‘I Love Lucy’: Why Businesses Would Close When New Episodes of the Series Aired

by Joe Rutland

Monday nights in television’s Golden Age of the 1950s meant “I Love Lucy” was on CBS and businesses would simply close their doors.

This might seem a bit weird since today’s TV landscape is filled with reruns. But back when the show originally ran, there were no reruns at that time.

“I Love Lucy” was on CBS and viewers only could get one chance at watching the episode. That’s according to an article from ScreenRant.

Why wouldn’t stores just go ahead and stay open? Wouldn’t they want business? Of course. Yet if people are choosing to stay home and watch Lucy, Ricky, Fred, and Ethel instead, then there was little use in doing so. Even stores selling television sets, a hot commodity back in that time, wouldn’t sell any during the 9-9:30 p.m. Eastern time period.

‘I Love Lucy’ Star Provided TV Major Boost By Creating Rerun

That’s just an example of the power “I Love Lucy” had on television when the episodes first ran on CBS. Now TV history might not look too kindly upon Desi Arnaz who, obviously, was married to Lucille Ball. But Arnaz did have some creative ideas and he’s received some credit for coming up with the rerun.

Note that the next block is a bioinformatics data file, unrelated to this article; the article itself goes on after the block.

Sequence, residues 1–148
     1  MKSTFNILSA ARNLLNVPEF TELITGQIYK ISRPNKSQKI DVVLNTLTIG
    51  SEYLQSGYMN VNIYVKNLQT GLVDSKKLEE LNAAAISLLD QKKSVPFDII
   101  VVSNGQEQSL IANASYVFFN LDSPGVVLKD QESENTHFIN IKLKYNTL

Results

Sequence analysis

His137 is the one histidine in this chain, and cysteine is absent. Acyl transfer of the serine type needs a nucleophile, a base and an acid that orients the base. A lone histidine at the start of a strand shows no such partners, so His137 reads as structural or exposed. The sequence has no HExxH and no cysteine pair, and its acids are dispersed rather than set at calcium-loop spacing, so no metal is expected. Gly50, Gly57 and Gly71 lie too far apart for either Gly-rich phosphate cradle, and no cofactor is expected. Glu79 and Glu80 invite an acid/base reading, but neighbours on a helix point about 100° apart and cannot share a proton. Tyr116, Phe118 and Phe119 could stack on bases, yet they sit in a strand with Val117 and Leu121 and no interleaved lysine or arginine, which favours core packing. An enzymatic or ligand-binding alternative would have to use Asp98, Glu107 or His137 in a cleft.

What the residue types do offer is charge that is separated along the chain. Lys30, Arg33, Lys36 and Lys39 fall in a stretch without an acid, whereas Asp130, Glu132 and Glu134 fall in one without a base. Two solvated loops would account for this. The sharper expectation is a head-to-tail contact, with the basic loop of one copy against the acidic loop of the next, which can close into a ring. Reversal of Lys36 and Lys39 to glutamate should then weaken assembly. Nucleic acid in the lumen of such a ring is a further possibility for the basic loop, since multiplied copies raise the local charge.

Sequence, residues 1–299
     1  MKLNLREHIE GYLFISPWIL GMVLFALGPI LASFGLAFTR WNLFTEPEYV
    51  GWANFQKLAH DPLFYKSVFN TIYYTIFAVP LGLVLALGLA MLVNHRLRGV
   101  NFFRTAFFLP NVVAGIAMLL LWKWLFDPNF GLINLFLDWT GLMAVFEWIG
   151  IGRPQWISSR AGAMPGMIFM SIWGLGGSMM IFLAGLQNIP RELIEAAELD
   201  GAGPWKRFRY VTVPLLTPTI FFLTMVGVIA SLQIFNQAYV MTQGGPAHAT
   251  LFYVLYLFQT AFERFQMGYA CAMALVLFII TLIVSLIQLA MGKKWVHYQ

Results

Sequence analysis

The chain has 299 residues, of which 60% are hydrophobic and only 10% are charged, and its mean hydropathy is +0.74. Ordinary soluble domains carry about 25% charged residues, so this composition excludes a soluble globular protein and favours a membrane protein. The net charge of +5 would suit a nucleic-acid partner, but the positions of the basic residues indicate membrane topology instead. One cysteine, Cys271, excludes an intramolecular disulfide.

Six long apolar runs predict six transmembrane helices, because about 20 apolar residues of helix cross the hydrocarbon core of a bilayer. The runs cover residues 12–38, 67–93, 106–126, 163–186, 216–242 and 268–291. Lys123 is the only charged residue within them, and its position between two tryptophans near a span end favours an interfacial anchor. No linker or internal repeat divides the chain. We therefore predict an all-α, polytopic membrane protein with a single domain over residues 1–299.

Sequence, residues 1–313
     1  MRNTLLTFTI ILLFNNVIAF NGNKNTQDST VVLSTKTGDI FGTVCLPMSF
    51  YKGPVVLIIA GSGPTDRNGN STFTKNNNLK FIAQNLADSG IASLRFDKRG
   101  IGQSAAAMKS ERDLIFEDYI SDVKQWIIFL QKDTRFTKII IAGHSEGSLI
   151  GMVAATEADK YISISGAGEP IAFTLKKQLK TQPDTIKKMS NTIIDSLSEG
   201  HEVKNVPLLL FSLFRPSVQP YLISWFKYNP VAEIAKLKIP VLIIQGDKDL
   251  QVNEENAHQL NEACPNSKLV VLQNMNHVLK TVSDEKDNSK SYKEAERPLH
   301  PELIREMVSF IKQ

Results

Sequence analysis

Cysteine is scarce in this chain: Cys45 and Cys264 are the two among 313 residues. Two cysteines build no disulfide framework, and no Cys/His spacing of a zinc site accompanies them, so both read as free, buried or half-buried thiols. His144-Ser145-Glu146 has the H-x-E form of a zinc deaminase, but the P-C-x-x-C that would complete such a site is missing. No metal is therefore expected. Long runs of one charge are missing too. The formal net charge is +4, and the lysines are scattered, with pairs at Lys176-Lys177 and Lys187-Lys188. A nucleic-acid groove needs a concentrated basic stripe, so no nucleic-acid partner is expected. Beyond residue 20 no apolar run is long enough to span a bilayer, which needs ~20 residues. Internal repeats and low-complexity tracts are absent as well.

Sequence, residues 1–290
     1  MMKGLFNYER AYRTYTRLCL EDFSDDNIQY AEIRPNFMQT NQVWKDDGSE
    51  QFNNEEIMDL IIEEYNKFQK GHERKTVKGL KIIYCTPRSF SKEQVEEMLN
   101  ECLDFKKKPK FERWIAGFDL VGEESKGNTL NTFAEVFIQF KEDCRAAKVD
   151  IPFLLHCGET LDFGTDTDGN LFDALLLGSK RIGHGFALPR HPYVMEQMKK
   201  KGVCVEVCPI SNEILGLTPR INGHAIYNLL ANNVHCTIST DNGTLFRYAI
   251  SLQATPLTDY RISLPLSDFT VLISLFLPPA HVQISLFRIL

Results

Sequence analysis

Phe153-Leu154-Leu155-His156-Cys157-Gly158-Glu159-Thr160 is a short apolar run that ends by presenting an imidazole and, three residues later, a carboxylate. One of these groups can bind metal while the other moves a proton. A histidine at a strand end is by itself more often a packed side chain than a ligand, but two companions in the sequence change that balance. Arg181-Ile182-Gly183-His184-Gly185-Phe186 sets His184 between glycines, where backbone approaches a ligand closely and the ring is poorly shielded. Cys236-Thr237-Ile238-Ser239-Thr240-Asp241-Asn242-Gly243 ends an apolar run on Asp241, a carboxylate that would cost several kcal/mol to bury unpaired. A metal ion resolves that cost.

Filmed episodes would be replicated and able to be sent out for other television stations to carry the show. That creation changed the television landscape, allowing for viewers to see their favorite episodes at different times.

While Ball and Arnaz had a very acrimonious marriage off-screen, their on-screen chemistry brought viewers back to their TV screens each Monday night.

Besides Ball playing Lucy Ricardo and Arnaz playing Ricky Ricardo, obviously Vivian Vance played Ethel Mertz and William Frawley played Fred Mertz. All four stars of “I Love Lucy” have died.

Vance Joined Lucille Ball’s Next Show With An Important Condition

All good things must come to an end. Such was the case for “I Love Lucy” and “The Lucy and Desi Comedy Hour,” which kept the same cast together in hour-long specials.

In 1960, Ball divorced Arnaz and looked for another show to start. She developed “The Lucy Show” and asked Vance to join the cast.

Yet Vance did have an important condition for Ball. Vivian would have to be the character’s name, MeTV said. Vance and Ball played well off one another on the other sitcom. Fans, though, would call out for “Ethel” and not “Vivian.”

That was not going to happen going forward for Vance. She didn’t stay on as a full-time cast member for “The Lucy Show” for its entire run. Vance lived on the East Coast and got tired of the traveling for work. She would make occasional guest-star appearances but not return in a full-time capacity.

Vance died on Aug. 17, 1979, at 70 years old.